The Last Word: on screening clinics

June 21, 2013 § Leave a comment

“So, for $292, I can be up-to-date on how my body is functioning.” 

My patient – let’s call him Fortunato, a trusting character in a 19th-century horror story – had received an amazing offer: a personally addressed letter recommending a complete check-up at a screening clinic. It sounded too good to miss so he called the phone number. 

Fortunato said the first four tests would cost $199 but it was less than $100 more for another five. He figured this was a bargain. Perhaps even an Incredible, Once-In-A-Lifetime Bargain! 

Trapped like a roo in a spotlight — or an Italian nobleman in a catacomb — Fortunato supplied his credit card details over the phone. Research does actually suggest it will be easier to sell overpriced, unnecessary products to destitute pensioners than to rich doctors.  

The tests weren’t yet done when Fortunato told me his story, so I suggested he try to get his money back. I spoke my mind about the screening clinic but did not commit libel. Bad-mouthing is instead classified as slander. Slander is as serious as libel but hard to prove unless, say, the offender stupidly writes about it. 

Fortunato could recall little about what he’d just purchased but returned this week with the advertising letter. The outfit was called ‘Screen For Life’ — coincidentally, Edgar Allan Poe’s fictional Fortunato did indeed scream for life. From his initial description, I’d thought he’d booked a complete body CT. Instead, he was getting an incomplete body ultrasound.  

I felt partially responsible for Fortunato’s predicament because I’d been keeping his natural paranoia at bay with antipsychotics. Trust is the key to all relationships. Fortunato has paranoid schizophrenia — but trusted the company. I don’t — but didn’t. 

Apparently being trusting increases oxytocin levels and makes life worth living — although trusting nobody at least keeps your surprises pleasant. To paraphrase my favourite writer, Anon: “Trust God. The rest, virus scan.” 

One wonders, before taking payment, do Screen For Life telephone operators counsel patients on the complexities of false positives, false negatives, incidentalomas, over-diagnosis and iatrogenic harm? Perhaps information on population screening tests is provided from last month’s NPS Medicinewise News? And patients would presumably be asked what tests they’ve already had?  

As it happens, Fortunato sees GPs for more than just fortnightly antipsychotic injections and financial advice. He also has type 2 diabetes that necessitates regular monitoring of his cardiovascular risk factors. Fortunato had already had many of the tests booked at the screening clinic. And these had been bulk-billed at no cost to him.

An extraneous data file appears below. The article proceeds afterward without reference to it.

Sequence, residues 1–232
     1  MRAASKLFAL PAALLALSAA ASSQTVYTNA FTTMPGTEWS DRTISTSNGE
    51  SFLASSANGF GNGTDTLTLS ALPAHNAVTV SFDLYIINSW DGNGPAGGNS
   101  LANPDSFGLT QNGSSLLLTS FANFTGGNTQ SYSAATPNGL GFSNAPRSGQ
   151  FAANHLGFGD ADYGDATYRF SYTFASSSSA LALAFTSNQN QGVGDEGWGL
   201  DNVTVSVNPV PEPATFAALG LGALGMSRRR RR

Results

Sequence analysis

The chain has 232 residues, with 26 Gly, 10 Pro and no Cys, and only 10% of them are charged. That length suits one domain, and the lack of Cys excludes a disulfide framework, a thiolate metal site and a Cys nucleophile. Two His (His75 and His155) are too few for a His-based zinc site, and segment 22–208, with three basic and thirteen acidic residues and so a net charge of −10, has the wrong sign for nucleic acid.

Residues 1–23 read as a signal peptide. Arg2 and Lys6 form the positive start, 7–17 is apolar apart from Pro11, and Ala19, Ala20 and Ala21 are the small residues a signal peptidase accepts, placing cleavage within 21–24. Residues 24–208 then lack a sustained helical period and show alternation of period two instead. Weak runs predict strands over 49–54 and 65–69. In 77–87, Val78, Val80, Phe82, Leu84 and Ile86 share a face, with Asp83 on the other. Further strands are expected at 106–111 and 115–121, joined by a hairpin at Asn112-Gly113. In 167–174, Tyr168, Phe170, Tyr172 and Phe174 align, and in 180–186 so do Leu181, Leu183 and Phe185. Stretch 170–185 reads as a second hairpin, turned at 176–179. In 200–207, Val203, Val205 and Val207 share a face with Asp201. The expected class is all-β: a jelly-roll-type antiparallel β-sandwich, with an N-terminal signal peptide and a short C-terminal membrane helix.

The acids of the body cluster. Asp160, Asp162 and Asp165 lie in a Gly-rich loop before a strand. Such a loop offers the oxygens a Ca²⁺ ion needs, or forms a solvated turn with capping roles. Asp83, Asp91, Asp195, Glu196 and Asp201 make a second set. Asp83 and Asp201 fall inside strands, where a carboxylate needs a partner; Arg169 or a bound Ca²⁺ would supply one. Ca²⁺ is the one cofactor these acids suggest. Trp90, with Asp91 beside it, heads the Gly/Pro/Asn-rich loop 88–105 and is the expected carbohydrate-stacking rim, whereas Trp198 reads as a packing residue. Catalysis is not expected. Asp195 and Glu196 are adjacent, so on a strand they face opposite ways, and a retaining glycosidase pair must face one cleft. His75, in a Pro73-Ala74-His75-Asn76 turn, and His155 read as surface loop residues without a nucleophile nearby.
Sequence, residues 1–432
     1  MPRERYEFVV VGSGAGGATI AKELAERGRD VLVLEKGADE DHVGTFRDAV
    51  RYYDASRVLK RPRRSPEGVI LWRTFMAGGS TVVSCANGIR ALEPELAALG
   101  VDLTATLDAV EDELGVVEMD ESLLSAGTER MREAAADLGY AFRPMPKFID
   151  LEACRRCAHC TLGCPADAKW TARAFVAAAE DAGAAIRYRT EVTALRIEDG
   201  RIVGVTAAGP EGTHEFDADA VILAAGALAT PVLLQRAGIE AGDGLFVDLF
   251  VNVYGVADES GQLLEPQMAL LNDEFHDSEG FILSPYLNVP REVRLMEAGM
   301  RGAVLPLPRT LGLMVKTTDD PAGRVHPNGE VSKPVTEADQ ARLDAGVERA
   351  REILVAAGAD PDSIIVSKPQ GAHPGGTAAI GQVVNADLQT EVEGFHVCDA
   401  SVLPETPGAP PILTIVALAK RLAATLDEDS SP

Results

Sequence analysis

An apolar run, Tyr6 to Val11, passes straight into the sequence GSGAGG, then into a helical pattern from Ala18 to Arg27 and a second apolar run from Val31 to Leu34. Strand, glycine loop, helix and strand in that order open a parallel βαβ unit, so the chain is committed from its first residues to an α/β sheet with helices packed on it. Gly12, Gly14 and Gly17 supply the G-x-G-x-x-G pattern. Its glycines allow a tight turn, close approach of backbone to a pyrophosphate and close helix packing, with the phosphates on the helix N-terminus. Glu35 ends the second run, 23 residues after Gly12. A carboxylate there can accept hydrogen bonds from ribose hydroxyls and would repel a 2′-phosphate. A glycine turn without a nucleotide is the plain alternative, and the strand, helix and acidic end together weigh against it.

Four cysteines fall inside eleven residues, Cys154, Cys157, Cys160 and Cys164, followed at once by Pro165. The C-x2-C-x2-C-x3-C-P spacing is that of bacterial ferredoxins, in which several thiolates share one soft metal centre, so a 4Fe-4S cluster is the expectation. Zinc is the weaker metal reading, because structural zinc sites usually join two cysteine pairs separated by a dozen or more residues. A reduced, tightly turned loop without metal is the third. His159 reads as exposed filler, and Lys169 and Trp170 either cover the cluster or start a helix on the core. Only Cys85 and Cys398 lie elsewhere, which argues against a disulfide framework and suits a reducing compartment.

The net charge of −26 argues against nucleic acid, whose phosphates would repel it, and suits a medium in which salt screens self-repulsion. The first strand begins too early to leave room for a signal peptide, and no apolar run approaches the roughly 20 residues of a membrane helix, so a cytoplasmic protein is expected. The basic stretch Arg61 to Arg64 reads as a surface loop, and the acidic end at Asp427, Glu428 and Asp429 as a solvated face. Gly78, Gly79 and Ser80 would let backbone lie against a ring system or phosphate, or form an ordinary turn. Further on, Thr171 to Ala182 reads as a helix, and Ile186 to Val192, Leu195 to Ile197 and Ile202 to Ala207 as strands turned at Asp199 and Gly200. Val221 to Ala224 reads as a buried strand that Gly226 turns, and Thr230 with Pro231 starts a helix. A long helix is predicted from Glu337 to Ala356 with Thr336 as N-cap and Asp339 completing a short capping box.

Fortunato ultimately cancelled his screening tests and, to the company’s credit, received a full refund. This news created the same pang of anxiety I feel when I so effectively explain the problems of PSA testing that patients don’t get it done. Would Screen For Life have discovered something important? Is Fortunato now the opposite, Sfortunato? 

I explained to Fortunato, as I do with many patients, that to negotiate life is to negotiate probabilities. Poor decisions can end well and sensible decisions can end badly but it’s best to keep the odds on your side.  

I therefore told Fortunato that he was right to cancel the tests. He is not wealthy and has better uses for his money, like food and rent. 

Another Italian, Niccolò Machiavelli, once said: “Wisdom consists in being able to distinguish among dangers and make a choice of the least harmful.” He could have made a great doctor.

The Last Word: on choosing your career

May 23, 2013 § Leave a comment


“Only rugby players?” My elderly mum fell last week but was less interested in her fractured wrist than the orthopaedic practice’s photographic décor.


I briefly explained how a burbling pool of primordial soup and an electrostatic generator had conjoined to beget Neanderthals, Cro-Magnons and Orthopods; albeit some say not in that order. Grrl power can’t fight the fact that your archetypal orthopod spent his formative years on a footie field breaking bones and tearing ligaments. Occasionally his own. Hence the career in corporal carpentry.